With more complicated layouts, dealing with HTML within JavaScript is not only tedious but also foolhardy. In these scenarios, templating is the way to go.

Backbone ships with a minimal templating solution courtesy of Underscore.JS but you're more than welcome to use any of the excellent templating solutions available.

Finally, let's take a look at how views listen to events. DOM events first.

events: {
        'click .name': 'handleClick'
    },
	 
handleClick: function(){
		  alert('In the name of science... you monster');
		  
		  // Other actions as necessary
}

Should be simple enough if you've worked with events before. We're basically defining and hooking up events through the events object. As you can see above, the first part refers to the event, the next specifies the triggering elements while the last part refers to the function that should be fired.

And now onto binding to models and collections. I'll cover binding to models here.

GameView= Backbone.View.extend({
initialize: function (args) {
        _.bindAll(this, 'changeName');
		  this.model.bind('change:name', this.changeName);
},
});

The first thing to note is how we're placing the binding code in the initialize functions. Naturally, it's best to do this from the get go.

bindAll is a utility provided by Underscore that persists the value of a function's this value. This is specially useful since we're passing a bunch of functions around and functions specified as callbacks have this value erased.

Now whenever a model's name attribute is changed, the changeName function is called. You can also make use of the add and remove verbs to poll for changes.

Listening to changes in a collections is as simple as replacing model with collection while binding the handler to the callback.


Controller

Controllers in Backbone essentially let you create bookmarkable, stateful apps by using hashbangs.

var Hashbangs = Backbone.Controller.extend({
  routes: {
    "!/":                 "root",
    "!/games":        "games",
  },
  root: function() {
    // Prep the home page and render stuff
  },

  games: function() {
    // Re-render views to show a collection of books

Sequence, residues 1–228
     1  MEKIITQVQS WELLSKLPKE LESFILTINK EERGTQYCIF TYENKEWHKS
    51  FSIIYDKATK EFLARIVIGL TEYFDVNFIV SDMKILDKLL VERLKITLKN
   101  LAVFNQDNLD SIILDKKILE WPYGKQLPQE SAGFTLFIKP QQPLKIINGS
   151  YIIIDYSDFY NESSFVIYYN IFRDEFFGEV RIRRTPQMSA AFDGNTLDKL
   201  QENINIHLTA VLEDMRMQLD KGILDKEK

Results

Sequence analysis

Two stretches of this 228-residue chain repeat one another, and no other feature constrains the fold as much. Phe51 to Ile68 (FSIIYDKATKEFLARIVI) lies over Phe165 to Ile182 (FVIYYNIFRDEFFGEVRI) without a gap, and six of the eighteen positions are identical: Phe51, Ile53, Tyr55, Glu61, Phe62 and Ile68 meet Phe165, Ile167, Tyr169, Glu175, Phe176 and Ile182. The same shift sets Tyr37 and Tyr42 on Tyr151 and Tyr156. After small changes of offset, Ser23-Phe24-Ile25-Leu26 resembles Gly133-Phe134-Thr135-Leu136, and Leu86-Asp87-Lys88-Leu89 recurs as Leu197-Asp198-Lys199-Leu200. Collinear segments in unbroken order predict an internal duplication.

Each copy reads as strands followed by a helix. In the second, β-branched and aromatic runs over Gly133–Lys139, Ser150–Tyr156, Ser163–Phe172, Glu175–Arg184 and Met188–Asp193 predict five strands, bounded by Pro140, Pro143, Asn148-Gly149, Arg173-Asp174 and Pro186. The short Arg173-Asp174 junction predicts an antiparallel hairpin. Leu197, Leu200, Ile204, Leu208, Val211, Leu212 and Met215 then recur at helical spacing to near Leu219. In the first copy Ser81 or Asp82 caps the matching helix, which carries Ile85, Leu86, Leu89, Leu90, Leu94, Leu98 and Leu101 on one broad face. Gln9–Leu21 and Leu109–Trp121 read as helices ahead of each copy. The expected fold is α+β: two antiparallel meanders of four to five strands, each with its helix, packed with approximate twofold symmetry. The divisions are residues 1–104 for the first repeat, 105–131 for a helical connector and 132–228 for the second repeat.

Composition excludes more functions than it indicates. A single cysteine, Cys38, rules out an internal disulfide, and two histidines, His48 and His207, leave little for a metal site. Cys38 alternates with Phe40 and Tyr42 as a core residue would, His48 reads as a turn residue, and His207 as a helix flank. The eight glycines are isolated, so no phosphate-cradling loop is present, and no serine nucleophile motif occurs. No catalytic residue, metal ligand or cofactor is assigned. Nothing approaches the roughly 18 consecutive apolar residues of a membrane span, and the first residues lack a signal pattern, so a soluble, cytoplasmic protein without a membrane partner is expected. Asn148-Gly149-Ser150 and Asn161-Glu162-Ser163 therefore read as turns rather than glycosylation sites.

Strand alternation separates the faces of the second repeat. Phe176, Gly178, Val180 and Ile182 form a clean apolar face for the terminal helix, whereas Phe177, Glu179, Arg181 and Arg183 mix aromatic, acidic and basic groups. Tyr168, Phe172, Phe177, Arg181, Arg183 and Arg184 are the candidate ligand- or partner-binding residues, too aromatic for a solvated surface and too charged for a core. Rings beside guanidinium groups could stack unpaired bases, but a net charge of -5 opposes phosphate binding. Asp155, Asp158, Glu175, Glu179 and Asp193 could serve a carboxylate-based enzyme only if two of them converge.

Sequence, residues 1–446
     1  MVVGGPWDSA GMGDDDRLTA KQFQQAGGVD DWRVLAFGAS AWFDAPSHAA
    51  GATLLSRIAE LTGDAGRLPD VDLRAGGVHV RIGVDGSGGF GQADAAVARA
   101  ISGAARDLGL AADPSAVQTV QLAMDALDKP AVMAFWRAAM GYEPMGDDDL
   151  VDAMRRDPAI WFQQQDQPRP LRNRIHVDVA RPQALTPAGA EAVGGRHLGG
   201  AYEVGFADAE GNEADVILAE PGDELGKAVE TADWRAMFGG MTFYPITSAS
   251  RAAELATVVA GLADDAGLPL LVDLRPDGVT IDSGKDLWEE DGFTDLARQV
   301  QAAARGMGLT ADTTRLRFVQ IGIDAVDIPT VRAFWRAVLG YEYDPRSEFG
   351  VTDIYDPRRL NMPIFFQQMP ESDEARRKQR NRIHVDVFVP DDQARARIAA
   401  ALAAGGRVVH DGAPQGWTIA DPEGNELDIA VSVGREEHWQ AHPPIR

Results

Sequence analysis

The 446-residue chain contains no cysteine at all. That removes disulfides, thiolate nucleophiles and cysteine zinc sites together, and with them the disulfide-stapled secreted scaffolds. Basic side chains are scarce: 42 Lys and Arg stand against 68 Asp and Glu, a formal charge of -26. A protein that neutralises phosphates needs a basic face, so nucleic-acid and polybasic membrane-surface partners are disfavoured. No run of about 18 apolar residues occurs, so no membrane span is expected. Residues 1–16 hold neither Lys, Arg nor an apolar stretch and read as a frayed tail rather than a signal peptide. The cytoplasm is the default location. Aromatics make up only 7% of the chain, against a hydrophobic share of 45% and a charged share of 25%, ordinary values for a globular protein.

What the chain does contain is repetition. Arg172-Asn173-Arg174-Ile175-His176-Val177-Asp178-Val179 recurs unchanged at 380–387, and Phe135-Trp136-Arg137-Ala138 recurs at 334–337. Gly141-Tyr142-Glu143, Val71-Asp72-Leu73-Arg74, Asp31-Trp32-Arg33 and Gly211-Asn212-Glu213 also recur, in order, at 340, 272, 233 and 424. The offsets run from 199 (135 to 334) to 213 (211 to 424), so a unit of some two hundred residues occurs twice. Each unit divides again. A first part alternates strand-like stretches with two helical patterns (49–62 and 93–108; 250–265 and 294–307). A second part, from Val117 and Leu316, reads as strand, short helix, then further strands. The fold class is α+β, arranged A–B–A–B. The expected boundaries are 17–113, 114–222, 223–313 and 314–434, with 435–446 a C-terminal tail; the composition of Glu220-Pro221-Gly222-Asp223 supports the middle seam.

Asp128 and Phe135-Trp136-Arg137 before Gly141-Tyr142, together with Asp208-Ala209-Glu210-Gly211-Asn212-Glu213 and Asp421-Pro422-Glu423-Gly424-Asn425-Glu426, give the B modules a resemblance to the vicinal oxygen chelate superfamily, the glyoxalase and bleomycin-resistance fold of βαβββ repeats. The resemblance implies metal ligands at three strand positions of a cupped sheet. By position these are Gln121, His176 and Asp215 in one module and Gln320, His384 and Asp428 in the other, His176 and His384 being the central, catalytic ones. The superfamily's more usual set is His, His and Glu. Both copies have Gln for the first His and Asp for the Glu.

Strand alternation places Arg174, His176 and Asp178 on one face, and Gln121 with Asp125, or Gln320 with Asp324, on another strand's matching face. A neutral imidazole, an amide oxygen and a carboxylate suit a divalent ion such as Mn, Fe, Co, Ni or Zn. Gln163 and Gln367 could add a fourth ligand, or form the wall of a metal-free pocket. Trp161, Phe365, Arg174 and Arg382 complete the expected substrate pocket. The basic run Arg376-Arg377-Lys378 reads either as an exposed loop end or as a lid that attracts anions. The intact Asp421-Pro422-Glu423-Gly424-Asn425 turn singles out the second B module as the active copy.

},
  });

This is very familiar to routing in traditional serverside MVC frameworks. For example, !/games will map to the games function while the URL in the browser itself will be domain/#!/games.

Through intelligent use of hashbangs, you can create apps that are heavily JS based but also bookmarkable.

If you're worried about breaking the back button, Backbone has you covered too.

// Init the controller like so
var ApplicationController = new Controller; 

Backbone.history.start();

With the above snippet, Backbone can monitor your hashbangs and in conjunction with the routes you've specified earlier, make your app bookmarkable.


What I Learned from Backbone

Overall, here are some lessons I learned from the Backbone way of creating applications:

  • We really need MVC for the front end. Traditional methods leave us with code that's too coupled, messy and incredibly hard to maintain.
  • Storing data and state in the DOM is a bad idea. This started making more sense after creating apps that needed different parts of the app to be updated with the same data.
  • Fat models and skinny controllers are the way to go. Workflow is simplified when business logic is taken care of by models.
  • Templating is an absolute necessity. Putting HTML inside your JavaScript gives you bad karma.

It's sufficient to say that Backbone has caused a paradigm shift in how front ends should be constructed, at least for me. Given the very broad scope of today's article, I'm sure you have a ton of questions. Hit the comments section below to chime in. Thank you so much for reading and expect a ton more Backbone tutorials in the future!